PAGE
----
• eye-sidedness;
  • flounder;
  • habenula;
  • metamorphosis;
  • pitx2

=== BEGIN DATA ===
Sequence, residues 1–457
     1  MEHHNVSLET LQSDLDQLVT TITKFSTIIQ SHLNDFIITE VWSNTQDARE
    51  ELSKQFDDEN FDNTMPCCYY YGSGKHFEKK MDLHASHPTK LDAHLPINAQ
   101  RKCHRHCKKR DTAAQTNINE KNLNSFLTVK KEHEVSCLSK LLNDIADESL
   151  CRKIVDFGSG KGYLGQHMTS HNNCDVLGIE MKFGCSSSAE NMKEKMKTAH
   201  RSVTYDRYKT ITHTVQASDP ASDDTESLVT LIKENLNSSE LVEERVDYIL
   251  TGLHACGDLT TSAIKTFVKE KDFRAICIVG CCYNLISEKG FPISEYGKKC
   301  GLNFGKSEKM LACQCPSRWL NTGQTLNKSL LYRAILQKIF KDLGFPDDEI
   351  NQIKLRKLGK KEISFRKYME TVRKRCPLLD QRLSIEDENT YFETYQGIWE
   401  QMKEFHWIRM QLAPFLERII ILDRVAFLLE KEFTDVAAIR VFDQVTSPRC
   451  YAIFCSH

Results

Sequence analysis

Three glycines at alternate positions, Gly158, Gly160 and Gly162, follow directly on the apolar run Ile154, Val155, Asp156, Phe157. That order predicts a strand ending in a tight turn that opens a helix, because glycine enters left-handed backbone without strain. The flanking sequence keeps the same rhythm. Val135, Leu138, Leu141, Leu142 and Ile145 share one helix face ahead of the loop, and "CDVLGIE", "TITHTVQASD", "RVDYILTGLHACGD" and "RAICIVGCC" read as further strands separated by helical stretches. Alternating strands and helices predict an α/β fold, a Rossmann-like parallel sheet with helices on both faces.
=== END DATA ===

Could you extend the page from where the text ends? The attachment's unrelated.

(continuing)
The bilateral symmetry of flounder larvae changes through the process of morphogenesis to produce external asymmetry at metamorphosis. The process is characterized by the lateral migration of one eye and pigmentation at the ocular side. Migration of the left or right eye to produce either dextral or sinistral forms, respectively, is usually fixed within a species. Here we propose a mechanism for the mediation of lateralization by the nodal-lefty-pitx2 (NLP) pathway in flounders, in which pitx2, the final left-right determinant of the NLP pathway, is re-expressed in the left habenula at pre-metamorphosis. After the initiation of left-sided pitx2 re-expression, the eye commences migration, when the habenulae shift their position on the ventral diencephalon rightwards in sinistral flounder (Paralichthys olivaceus) and leftwards in dextral flounder (Verasper variegatus). In addition, the right habenula increases in size relative to the left habenula in both species. Loss of pitx2 re-expression induces randomization of eye-sidedness, manifesting as normal, reversed or bilateral symmetry, with laterality of the structural asymmetry of habenulae being entirely inverted in reversed flounders compared with normal ones. Thus, flounder pitx2 appears to be re-expressed in the left habenula at metamorphosis to direct eye-sidedness by lateralizing the morphological asymmetry of the habenulae.